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Education

Why Hong Kong’s millions in extra funding will make little difference to kids with special needs

  • The government is putting greater emphasis on students with special educational needs by pledging more funding, when it should be training more teachers in catering for different learning needs
PUBLISHED : Monday, 17 December, 2018, 8:03am
UPDATED : Monday, 17 December, 2018, 8:03am

I would like to respond to the article, “A third of Hong Kong children have special educational needs – and the city is failing them” (November 2). Jason Li Mau-wah and other special-needs children should never have been placed in such a situation. Although government officials claim to be putting greater emphasis on nurturing special-needs children and providing them with better access to education, their measures are more about financial aid than teacher training. Officials are not deploying resources in the best way, even as more teachers battle frustration when handling special-needs children in their classrooms.

The Education Bureau has set a goal for at least 15 to 25 per cent of teachers in ordinary schools to complete a basic course in catering for diverse learning needs, and the classes are always full. On the Bureau’s website, all the basic classes are full until June 2019. Does the government not notice the high demand for such classes? Teachers with a Bachelor of Education degree or a postgraduate diploma in education have received limited training in special-needs education, but are only told to be patient with special-needs kids. No wonder stories like Li’s happen.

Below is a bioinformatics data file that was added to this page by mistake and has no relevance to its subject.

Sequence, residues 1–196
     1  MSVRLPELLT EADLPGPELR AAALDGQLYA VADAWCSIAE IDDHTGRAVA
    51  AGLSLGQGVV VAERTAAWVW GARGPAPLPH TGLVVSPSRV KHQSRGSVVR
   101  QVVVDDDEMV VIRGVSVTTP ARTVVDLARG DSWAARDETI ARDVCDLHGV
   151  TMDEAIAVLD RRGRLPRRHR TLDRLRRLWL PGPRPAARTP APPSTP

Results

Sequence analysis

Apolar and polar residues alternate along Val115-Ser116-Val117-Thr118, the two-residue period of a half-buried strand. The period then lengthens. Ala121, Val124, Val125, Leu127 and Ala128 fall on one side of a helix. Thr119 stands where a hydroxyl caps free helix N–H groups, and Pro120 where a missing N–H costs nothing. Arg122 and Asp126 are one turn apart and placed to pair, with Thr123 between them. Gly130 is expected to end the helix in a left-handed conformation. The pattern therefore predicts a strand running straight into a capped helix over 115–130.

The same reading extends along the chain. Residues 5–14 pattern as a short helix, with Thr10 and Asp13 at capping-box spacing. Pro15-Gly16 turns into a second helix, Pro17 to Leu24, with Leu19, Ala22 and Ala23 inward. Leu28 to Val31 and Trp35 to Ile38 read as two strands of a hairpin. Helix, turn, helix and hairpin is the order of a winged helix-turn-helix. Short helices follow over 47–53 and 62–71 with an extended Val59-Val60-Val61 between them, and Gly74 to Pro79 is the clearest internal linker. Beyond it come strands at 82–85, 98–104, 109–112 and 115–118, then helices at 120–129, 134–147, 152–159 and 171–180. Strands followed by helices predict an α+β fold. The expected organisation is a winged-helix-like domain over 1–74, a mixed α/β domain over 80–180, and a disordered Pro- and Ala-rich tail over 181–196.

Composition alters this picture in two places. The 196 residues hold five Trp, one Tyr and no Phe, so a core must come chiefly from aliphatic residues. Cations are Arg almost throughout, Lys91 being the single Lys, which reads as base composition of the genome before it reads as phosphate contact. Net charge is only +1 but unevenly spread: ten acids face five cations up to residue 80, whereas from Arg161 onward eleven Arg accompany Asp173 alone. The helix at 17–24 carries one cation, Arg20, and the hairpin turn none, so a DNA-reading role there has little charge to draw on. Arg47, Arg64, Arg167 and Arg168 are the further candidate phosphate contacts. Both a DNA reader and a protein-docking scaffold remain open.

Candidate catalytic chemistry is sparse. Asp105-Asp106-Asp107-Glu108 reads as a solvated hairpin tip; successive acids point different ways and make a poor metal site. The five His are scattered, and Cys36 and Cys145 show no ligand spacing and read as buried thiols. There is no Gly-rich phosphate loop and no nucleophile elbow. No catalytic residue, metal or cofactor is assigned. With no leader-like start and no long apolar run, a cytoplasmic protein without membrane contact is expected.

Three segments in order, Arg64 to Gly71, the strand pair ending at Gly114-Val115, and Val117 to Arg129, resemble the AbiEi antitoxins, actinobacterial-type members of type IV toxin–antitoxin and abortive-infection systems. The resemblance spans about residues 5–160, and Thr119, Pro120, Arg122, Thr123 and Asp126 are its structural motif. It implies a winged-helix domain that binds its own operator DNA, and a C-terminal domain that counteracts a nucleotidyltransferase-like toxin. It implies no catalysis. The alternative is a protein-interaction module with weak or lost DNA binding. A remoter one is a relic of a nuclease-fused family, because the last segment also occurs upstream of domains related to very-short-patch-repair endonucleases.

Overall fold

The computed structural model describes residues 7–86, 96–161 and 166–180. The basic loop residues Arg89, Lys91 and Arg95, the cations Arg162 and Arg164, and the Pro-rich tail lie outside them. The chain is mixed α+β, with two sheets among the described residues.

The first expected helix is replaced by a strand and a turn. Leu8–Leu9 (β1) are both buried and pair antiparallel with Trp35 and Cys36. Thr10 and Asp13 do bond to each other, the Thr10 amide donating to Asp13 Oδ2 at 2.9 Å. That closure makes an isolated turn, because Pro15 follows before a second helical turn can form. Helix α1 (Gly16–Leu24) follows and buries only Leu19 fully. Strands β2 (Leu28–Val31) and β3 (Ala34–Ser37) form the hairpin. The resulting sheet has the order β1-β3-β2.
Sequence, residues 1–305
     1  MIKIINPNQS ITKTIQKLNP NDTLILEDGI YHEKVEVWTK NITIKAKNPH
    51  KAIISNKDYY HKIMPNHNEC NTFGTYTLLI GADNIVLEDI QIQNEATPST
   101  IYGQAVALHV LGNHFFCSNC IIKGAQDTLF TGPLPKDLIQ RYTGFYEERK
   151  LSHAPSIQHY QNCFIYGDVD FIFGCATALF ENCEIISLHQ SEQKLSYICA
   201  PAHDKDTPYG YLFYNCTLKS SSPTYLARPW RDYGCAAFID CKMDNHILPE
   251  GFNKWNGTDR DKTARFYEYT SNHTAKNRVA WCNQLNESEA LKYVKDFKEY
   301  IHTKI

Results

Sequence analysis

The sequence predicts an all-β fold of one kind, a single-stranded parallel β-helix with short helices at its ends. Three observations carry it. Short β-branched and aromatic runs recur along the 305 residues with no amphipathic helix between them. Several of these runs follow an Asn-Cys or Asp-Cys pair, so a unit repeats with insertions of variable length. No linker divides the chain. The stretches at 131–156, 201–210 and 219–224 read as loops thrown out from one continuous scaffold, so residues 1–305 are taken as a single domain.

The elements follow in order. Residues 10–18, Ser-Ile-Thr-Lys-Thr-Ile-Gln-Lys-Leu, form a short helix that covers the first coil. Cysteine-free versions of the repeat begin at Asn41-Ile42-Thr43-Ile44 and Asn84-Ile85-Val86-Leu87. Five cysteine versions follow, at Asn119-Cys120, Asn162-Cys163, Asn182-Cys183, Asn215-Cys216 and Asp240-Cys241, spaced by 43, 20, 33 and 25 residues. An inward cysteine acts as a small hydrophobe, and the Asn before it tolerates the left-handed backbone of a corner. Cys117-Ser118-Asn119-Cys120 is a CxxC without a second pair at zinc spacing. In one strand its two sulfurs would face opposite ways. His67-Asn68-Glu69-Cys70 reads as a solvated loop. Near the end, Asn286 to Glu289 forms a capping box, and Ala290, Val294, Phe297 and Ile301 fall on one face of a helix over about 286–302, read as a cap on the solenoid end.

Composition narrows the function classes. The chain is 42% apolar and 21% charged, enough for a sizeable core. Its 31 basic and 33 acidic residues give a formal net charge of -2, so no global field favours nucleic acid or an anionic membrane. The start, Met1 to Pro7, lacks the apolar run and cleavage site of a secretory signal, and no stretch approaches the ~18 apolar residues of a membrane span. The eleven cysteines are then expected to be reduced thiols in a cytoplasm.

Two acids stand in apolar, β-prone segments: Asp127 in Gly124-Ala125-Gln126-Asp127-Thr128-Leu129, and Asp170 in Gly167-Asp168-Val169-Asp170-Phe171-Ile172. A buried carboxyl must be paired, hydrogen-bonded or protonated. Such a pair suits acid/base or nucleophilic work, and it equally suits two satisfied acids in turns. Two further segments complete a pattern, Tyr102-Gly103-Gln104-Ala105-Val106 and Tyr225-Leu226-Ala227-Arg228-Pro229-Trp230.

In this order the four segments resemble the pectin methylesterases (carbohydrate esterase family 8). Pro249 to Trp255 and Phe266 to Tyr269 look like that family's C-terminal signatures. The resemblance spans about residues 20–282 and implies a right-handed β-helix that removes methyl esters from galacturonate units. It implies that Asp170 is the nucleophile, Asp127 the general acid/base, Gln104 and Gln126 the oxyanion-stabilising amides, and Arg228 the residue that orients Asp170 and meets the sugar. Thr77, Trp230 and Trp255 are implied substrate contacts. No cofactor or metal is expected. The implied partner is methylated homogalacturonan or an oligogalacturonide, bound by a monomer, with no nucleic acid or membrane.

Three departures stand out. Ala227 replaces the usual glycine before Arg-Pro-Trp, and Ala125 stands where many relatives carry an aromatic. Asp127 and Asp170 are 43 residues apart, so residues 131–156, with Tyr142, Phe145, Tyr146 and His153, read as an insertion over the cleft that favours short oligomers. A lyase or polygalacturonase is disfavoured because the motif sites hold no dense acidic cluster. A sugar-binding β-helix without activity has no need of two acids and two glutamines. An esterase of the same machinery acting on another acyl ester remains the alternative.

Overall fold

As for the financial aid, sure, the government is supporting schools with students who have special educational needs, while also setting guidelines on curriculum. But are the schools following the policy? While some schools actively employ related coordinators and educational psychologists to oversee kids with special educational needs, and prepare folders about different special needs for teachers, other schools simply receive the subsidies, which may benefit none of the children with special needs.

This is especially true of renowned schools which focus on elite training, and where special-needs children are often ignored by teachers, or even isolated.

In her policy address this year, the Hong Kong chief executive proposed to upgrade the post of “special educational needs coordinator” to promotion rank in ordinary schools in the public sector with a large number of such students. However, there aren’t actually enough well-trained professionals to do the job in Hong Kong, and the quality of such coordinators would definitely be difficult to maintain.

It is foreseeable that the proposed additional funding of HK$800 million (US$102 million) will ultimately make no difference to the kids.

Adrian Tsang, Taikoo Shing